Herbalife, the multi-level marketing giant selling nutritional supplements, weight-loss shakes and personal care products, has agreed to pay US$200 million and restructure its U.S. business to settle FTC charges that the company duped consumers into thinking they could earn substantial sums selling its products, the government announced Friday.
In a complaint, the government alleged Herbalife operated an unfair compensation structure because it rewarded distributors for recruiting others to join and buy products to advance in its marketing program, and not in response to actual retail demand for the products. This economically hurt many Herbalife distributors, the FTC alleged.
“This settlement will require Herbalife to fundamentally restructure its business so that participants are rewarded for what they sell, not how many people they recruit," FTC Chairwoman Edith Ramirez said in a statement. “Herbalife is going to have to start operating legitimately, making only truthful claims about how much money its members are likely to make, and it will have to compensate consumers for the losses they have suffered as a result of what we charge are unfair and deceptive practices."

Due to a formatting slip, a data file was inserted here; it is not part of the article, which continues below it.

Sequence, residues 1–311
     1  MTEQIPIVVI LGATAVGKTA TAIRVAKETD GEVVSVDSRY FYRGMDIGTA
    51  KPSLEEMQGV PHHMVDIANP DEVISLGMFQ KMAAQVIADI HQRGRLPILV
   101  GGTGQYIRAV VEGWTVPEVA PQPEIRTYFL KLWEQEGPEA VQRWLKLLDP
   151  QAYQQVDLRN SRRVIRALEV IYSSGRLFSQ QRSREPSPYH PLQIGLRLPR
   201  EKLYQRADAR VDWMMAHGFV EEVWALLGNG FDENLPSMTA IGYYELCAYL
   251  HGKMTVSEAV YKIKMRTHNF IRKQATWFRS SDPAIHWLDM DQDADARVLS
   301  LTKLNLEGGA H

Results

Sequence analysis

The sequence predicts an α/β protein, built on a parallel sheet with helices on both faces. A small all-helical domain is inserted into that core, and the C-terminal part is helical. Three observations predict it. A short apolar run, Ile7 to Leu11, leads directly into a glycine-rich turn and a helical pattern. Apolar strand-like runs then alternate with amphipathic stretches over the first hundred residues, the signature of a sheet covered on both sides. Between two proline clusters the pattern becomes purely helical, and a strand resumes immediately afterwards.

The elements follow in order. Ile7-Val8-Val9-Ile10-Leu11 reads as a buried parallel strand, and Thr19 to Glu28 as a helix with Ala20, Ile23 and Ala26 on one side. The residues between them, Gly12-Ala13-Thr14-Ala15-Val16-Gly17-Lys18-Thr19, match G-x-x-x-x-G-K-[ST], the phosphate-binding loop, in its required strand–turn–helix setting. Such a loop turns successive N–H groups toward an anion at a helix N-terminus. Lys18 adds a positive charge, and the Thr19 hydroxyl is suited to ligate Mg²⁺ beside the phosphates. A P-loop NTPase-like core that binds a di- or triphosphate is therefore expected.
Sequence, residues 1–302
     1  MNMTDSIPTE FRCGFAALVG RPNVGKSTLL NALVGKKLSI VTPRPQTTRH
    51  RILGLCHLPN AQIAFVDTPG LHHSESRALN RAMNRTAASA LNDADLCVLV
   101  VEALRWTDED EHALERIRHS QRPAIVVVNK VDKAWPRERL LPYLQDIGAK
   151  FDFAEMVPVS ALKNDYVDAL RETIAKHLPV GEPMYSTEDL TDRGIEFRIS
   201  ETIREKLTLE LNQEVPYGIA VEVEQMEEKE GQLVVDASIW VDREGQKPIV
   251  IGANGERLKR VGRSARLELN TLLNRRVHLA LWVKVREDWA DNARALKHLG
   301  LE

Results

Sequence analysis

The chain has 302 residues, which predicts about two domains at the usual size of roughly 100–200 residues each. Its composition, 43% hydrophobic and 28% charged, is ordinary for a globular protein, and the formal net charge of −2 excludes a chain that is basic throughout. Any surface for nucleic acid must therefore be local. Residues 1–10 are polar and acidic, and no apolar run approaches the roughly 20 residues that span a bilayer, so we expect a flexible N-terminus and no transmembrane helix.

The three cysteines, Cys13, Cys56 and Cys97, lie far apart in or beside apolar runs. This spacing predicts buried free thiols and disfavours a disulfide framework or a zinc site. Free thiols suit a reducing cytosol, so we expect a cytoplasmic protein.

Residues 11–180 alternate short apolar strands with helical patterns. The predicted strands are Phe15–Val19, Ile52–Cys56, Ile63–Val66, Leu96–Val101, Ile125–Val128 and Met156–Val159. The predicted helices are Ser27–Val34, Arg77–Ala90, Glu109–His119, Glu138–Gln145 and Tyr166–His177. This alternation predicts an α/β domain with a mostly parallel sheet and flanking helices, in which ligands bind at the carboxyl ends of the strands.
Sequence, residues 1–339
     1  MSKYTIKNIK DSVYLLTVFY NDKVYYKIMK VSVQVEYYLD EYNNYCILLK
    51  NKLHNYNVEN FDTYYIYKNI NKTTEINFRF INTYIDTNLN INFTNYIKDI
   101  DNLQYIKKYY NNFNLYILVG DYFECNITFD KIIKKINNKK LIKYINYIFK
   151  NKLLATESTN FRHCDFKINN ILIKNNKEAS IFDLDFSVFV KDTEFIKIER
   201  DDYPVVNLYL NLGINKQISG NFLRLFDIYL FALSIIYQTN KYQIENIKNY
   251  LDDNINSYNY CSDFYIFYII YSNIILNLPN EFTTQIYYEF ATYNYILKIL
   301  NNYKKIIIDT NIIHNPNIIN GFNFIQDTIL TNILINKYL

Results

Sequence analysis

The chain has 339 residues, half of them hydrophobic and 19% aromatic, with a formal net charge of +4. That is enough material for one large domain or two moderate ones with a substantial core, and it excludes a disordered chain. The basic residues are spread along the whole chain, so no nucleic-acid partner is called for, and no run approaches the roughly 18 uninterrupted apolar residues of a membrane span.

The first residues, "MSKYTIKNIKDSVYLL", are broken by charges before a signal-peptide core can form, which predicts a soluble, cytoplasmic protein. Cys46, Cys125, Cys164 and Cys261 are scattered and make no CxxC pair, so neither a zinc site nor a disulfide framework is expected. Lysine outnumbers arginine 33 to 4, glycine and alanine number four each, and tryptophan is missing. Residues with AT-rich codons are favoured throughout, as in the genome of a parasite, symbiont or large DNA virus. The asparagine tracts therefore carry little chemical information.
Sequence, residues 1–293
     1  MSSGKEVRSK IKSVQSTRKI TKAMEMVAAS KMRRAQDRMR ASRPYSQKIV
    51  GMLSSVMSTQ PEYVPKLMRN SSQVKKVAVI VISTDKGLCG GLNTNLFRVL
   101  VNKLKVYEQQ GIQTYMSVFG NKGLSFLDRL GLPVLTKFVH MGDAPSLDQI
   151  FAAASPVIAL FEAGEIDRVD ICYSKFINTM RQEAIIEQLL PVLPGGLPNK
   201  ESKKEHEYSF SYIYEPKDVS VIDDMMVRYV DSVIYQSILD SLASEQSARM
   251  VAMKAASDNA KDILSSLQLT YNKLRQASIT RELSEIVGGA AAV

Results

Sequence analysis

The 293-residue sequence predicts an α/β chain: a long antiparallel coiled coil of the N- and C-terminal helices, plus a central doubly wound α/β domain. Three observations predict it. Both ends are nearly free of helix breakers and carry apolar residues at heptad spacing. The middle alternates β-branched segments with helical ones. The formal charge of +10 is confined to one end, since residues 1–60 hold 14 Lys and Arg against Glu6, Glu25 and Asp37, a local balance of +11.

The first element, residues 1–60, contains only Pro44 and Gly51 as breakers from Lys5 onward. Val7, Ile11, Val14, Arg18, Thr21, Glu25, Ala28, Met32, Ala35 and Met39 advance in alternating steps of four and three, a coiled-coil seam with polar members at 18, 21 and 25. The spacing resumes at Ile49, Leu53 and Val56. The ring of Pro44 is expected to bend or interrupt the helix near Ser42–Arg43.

On Friday, Herbalife also announced an agreement to pay $3 million as part of a settlement with the Illinois Attorney General. The company said it was not aware of any other active investigations by other state attorneys general.
"The settlements are an acknowledgment that our business model is sound and underscore our confidence in our ability to move forward successfully, otherwise we would not have agreed to the terms," said Michael Johnson, chairman and CEO of Herbalife, in a statement.
The FTC settlement fell short of predictions by hedge-fund manager Bill Ackman of Pershing Square Capital Management that Herbalife would be found by the government to be operating a massive pyramid scheme.
The government did not specifically charge Herbalife with being a "pyramid scheme," a term that is not defined in any federal statute but has been distinguished from legitimate multi-level marketing (MLM) businesses in court decisions over the years.